Sooner or later, our bodies betray us. Amour is a story about such a betrayal, a dignified film about the undignified cruelty of long illness and death.
Amour tells the story of a couple in their eighties, Georges and Anne, two retired music teachers who lead a tranquil and independent life. One day during breakfast, Anne suffers an aneurism. She loses her memory and is unresponsive for a few minutes; afterwards, her hands start to shake as she tries to pour some tea. Georges, the only witness to this episode, is stunned and terrified for his wife.
As Anne begins to deteriorate, their lives change completely. Georges (played by veteran actor Jean-Louis Trintignant) must now take care of his wife, which he does with infinite compassion and patience and complete lack of self-pity. We have seen, in the few scenes before Anne’s attack, that Georges and Anne are two strong people, the type that hides their age well with their independent and youthful spirit. So they endure this ordeal stoically.
But Anne, trapped inside a body that no longer matches her inquisitive, brave mind, starts to wither quickly. Played by Emmanuelle Riva, whose beauty, even at 80, is extraordinary, Anne becomes unrecognizable as the illness progresses: her elegantly styled hair becomes frail and grey, her face twisted and paralyzed. The effect is devastating. This is in great part to the stern, but masterful direction of Michael Haneke, a filmmaker known for crafting profoundly beautiful, but ultimately disturbing films about the dark corners of the human condition. Indeed, although its title may suggest this is a love story, a sense of horror permeates this film.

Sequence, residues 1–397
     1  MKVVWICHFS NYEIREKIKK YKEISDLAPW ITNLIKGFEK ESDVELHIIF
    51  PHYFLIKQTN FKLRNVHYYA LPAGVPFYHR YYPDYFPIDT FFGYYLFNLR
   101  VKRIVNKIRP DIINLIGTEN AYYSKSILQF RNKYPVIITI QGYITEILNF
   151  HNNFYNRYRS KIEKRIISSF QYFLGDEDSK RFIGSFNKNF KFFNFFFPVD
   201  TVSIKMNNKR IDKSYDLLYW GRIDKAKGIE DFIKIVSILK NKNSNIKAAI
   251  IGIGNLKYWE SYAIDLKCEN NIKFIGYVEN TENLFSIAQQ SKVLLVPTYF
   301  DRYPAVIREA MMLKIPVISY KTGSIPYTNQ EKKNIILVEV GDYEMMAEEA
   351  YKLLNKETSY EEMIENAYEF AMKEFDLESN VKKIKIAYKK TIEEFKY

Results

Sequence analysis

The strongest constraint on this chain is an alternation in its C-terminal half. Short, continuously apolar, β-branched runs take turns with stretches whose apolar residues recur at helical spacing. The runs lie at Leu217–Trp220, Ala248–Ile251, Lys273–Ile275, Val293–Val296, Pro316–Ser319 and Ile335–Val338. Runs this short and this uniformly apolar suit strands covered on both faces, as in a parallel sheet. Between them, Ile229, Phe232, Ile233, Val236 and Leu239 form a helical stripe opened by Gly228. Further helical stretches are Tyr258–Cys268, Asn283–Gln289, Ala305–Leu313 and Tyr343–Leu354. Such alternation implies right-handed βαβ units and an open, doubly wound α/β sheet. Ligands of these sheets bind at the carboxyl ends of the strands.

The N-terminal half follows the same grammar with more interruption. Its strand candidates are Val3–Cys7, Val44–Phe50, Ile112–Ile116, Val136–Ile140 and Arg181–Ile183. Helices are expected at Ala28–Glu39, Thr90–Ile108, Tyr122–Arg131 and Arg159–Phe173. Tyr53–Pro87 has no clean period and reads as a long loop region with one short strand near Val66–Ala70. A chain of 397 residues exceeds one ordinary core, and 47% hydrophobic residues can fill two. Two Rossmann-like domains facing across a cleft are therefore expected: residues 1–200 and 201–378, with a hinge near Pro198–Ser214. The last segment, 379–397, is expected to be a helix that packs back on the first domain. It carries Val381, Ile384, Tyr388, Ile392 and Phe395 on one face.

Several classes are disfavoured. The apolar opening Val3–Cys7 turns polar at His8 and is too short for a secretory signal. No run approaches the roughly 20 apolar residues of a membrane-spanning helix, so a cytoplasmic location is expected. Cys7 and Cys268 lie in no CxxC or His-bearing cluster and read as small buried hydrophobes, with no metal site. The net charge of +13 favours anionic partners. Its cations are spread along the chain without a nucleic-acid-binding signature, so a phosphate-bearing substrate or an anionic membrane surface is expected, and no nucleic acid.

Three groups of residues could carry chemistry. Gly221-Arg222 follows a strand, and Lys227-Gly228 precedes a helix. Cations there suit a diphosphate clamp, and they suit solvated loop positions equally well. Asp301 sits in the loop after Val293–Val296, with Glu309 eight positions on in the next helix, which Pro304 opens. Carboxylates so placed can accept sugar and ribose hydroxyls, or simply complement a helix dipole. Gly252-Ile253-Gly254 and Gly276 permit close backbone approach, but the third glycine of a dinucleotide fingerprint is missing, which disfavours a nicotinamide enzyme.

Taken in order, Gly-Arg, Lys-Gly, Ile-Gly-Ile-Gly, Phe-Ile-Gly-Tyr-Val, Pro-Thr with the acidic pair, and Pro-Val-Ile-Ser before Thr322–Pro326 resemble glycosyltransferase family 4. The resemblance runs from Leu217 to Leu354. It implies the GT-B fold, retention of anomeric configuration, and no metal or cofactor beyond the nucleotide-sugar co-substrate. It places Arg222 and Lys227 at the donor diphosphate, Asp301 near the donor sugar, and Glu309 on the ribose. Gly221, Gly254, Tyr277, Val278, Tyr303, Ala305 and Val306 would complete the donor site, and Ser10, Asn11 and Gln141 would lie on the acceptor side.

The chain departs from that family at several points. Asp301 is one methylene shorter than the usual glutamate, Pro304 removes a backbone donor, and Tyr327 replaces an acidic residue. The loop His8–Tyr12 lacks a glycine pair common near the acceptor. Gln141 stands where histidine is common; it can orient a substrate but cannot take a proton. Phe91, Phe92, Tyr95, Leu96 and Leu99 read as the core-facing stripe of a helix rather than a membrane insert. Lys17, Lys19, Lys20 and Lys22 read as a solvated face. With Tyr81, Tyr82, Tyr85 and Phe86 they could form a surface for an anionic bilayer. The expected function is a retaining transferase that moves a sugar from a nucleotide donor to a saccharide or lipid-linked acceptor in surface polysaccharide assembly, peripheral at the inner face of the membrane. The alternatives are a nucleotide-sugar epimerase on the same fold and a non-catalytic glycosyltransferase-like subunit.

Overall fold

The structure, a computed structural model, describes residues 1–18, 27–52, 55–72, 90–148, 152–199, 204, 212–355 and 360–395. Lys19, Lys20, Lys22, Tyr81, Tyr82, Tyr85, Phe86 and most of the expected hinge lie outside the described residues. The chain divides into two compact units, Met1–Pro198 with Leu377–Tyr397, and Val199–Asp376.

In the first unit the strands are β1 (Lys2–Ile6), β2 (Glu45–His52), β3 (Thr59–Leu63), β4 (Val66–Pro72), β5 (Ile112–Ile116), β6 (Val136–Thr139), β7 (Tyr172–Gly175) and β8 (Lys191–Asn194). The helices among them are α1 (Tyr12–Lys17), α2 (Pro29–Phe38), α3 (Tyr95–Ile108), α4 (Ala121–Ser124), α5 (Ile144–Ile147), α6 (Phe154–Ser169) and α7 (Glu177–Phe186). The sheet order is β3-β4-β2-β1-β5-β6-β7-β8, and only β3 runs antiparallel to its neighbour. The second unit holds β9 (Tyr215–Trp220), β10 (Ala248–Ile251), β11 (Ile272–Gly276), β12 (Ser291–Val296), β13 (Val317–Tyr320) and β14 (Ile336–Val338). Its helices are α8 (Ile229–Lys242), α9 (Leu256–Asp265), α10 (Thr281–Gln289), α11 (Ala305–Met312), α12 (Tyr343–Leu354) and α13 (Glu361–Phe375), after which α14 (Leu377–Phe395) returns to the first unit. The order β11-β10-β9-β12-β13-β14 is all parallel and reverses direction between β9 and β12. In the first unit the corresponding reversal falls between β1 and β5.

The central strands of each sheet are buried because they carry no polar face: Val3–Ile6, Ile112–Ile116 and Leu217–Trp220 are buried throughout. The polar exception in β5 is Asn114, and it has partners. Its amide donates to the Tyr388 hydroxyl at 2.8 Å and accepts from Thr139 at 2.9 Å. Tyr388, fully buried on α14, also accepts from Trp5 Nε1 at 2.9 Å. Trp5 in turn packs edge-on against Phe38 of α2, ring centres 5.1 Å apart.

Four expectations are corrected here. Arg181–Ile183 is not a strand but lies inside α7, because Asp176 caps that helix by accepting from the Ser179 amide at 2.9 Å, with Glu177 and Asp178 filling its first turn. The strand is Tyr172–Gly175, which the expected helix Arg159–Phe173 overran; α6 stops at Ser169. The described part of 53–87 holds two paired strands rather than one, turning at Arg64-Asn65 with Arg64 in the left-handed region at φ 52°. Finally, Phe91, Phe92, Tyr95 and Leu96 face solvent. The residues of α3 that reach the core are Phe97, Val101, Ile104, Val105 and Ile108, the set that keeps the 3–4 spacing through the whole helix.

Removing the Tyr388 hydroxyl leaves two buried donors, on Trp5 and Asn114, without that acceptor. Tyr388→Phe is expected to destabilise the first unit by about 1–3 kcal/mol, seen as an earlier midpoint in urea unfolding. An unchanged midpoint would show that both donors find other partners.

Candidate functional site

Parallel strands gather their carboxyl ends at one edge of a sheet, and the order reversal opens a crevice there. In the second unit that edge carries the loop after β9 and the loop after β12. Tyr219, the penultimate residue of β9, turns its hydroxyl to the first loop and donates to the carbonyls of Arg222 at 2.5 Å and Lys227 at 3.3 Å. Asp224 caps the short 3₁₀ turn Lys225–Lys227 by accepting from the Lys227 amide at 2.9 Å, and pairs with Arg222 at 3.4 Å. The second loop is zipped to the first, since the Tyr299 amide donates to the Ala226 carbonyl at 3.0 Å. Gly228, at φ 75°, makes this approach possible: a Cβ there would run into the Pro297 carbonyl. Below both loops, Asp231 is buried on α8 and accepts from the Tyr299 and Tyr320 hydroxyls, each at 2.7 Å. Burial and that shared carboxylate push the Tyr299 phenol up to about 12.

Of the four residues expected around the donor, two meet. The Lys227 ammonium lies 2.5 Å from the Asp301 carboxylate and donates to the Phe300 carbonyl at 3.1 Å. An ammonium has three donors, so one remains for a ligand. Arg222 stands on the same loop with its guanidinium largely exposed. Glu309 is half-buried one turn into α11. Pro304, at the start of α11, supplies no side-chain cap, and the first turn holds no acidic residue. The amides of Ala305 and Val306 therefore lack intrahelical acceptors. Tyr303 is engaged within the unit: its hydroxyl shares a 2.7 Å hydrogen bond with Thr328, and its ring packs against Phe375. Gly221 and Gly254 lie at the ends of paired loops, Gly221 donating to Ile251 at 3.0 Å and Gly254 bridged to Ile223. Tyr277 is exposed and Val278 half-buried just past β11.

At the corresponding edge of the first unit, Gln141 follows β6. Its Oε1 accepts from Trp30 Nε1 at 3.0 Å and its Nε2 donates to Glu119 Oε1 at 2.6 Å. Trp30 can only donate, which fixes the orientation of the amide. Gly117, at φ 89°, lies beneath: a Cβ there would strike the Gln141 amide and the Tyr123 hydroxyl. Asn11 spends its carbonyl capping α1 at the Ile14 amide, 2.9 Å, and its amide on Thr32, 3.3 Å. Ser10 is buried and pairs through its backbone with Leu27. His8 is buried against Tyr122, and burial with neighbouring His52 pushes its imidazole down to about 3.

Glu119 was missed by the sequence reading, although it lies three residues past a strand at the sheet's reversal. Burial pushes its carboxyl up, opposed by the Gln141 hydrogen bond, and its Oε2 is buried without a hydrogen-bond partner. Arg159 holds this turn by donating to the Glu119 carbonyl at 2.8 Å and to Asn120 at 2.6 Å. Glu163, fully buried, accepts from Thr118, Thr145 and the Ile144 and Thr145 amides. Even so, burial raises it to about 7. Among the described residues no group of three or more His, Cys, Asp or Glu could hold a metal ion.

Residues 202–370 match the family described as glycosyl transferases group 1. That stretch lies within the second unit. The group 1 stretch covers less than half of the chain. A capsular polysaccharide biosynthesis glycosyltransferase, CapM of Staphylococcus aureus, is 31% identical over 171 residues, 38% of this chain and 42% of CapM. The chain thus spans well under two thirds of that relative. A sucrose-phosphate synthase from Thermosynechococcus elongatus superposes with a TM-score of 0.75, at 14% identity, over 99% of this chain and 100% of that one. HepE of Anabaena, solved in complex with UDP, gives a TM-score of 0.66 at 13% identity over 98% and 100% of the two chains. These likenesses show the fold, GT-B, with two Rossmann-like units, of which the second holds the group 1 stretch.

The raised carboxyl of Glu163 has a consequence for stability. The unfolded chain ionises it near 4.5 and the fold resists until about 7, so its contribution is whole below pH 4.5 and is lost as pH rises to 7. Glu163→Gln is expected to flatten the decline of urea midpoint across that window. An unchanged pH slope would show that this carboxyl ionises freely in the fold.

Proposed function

Visually, the film is exquisite, with mostly long, static takes inside Georges and Anne’s apartment. These create a sense of unease and anticipation as Georges and Anne’s stately apartment becomes the center of their domestic horror. These long takes also have the power to create the illusion of reality, of real time, and of capturing the forced stillness and isolation that is now part of the couple’s lives. As Anne’s elegant bedside table starts to fill with the mundane signs of illness-pills, bottles-we start to feel the full weight of her fear and the finality of her situation. Though we have a good idea how this story will end, we really never know what to expect. Ambiguity, shock and surprise are, after all, Haneke’s specialty.
Recently, my father-in-law, a musician and avid film lover in his 70’s, told me his feelings about this film: “I wanted to punch Haneke in the stomach… What is the purpose of art if not to give us hope?” I couldn’t really answer or defend the film because my feelings about it were certainly undecided then; they still are. But any film that elicits such a strong feeling has to be worthy of our time. And Amour is worthy not only of our time but of the conversations that follow after you have seen it. This is a film about love that made me have a nightmare after watching only 15 minutes of it one evening. Although visually dignified, it is emotionally unblinking.
Amour forces us to face some unavoidable truths. One is simple, but has never been as clear to me as it’s presented here: That the end is there, near, waiting for all of us, and that we will all, inevitably, disappear. The other one is that to love means also, invariably, to fear.